Blackbaud released a report called Growing Philanthropy in the United States this week. Why do we need to grow philanthropy? Because:
In the U .S ., charitable giving is estimated to be only 2 percent of average household disposable (after tax) income (Giving USA Foundation 2011) . Regrettably, this is also the 40 year average for this figure, indicating that, despite an increasing marketing effort on the part of nonprofits (Sargeant and Jay 2010), individuals today are no more generous than their predecessors were over four decades ago . The picture is very similar in other countries (e .g . National Council for Voluntary Organizations 2010) .
I asked one of the authors, Jen Shang, to clarify how it is that we have so many nonprofits now than forty years ago but giving hasn’t increased. She said, “So the reason why total giving has been rising but not percentage of giving is because total household income has been rising.” In, addition, although Jen said it wasn’t the data they studied, we simply have more households than forty years ago, so giving would go up.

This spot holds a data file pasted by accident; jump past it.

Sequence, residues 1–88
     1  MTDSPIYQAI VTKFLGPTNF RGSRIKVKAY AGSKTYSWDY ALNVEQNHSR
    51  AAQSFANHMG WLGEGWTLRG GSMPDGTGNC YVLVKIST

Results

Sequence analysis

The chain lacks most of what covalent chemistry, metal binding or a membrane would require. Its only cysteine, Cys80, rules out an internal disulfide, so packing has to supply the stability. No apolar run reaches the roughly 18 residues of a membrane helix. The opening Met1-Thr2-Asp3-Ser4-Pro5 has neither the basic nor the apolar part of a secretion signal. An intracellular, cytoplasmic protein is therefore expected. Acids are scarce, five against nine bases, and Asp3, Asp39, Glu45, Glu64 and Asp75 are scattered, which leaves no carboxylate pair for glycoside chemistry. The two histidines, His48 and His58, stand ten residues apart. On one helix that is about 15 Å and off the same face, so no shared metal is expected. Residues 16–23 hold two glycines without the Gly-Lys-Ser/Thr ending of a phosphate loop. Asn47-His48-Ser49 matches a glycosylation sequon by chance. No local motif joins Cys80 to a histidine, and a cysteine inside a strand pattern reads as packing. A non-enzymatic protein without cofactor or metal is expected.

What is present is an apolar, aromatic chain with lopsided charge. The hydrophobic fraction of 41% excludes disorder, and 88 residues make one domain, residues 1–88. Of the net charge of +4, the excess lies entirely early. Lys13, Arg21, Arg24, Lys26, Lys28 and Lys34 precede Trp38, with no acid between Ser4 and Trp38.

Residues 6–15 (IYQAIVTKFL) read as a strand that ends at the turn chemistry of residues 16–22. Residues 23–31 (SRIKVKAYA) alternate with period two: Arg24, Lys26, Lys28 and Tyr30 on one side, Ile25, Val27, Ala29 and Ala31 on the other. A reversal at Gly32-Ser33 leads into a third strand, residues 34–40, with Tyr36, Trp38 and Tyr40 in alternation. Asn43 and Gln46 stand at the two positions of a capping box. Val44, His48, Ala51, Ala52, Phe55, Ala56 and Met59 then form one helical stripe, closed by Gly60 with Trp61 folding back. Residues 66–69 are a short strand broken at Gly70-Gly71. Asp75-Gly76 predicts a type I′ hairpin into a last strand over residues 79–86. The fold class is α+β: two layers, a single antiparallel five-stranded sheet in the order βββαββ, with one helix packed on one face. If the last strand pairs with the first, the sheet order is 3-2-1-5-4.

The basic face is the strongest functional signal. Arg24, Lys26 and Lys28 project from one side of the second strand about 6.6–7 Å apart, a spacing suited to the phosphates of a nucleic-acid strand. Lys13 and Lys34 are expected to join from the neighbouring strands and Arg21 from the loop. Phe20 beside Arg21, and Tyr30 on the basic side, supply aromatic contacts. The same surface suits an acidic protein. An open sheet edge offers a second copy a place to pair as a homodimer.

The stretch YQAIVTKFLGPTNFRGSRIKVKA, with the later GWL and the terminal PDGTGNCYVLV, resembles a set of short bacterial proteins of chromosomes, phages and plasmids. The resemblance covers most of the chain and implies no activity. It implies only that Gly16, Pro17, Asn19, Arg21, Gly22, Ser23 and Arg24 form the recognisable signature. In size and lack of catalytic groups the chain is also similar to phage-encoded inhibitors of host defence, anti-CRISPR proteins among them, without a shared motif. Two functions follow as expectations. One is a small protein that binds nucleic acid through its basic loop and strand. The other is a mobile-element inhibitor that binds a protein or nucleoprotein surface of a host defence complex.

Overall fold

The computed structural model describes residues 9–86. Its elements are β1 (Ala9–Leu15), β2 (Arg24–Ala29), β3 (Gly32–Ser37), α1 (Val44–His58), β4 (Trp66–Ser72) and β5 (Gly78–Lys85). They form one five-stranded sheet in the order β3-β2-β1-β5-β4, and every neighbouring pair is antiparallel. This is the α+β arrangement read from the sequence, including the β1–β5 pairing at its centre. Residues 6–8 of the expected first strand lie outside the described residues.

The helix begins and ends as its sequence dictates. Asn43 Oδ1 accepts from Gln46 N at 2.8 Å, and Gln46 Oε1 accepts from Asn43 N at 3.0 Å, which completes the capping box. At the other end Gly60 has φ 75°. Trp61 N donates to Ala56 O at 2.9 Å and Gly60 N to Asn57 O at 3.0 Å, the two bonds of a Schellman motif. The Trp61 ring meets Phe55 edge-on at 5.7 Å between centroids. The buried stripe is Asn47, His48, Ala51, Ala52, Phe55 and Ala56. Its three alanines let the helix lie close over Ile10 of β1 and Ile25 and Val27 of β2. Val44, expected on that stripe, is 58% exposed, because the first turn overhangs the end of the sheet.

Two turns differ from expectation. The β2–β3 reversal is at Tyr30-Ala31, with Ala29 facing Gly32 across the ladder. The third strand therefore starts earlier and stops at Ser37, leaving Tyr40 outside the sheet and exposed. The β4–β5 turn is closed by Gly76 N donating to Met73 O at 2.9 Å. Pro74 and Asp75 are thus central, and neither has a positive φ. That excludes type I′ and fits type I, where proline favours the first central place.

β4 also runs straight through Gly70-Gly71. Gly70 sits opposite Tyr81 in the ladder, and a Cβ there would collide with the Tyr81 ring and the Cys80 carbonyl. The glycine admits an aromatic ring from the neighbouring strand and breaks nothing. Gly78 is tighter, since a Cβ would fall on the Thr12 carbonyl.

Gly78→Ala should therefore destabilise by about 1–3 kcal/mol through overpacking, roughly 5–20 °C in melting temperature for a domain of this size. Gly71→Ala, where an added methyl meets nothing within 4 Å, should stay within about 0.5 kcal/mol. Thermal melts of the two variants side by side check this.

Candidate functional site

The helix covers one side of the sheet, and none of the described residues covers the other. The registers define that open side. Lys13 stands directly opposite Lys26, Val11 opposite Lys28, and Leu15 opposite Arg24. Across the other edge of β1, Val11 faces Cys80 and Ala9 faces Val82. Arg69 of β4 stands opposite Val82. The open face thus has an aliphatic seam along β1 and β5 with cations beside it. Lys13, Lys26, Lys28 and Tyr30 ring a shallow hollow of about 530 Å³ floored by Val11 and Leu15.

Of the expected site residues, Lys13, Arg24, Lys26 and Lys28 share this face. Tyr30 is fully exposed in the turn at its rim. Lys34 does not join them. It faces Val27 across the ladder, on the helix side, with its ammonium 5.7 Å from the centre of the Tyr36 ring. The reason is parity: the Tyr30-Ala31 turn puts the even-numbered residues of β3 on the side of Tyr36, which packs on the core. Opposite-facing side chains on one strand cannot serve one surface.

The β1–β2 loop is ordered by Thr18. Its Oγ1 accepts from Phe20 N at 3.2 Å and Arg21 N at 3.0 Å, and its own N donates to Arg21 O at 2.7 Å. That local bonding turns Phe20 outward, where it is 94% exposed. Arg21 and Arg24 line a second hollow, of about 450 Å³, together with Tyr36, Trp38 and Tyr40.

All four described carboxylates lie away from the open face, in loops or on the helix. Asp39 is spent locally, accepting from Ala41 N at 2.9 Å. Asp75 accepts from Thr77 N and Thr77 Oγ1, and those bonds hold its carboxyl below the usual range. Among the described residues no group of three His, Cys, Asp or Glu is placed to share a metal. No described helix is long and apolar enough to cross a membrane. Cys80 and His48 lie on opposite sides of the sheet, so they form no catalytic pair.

Nonetheless, the notion that after forty years of saturation by nonprofit marketers and the percentage of income we give hasn’t gone up. These data come from the annual report of Giving USA. Here is the total giving pie for 2010:
And now I’m confounded. After all of that running and cookie buying and dinners-gone-to there is no increase? Certainly the number of causes has increased exponentially, but so have the number of people, so maybe that’s a wash. I feel like I’m missing something big here. Are these data not including embedded giving where we feel like we’ve given a donation even if that gift is kept opaque by a corporation? Are we spending more time volunteering instead of writing checks? Are more of us giving the 2% than in previous generations?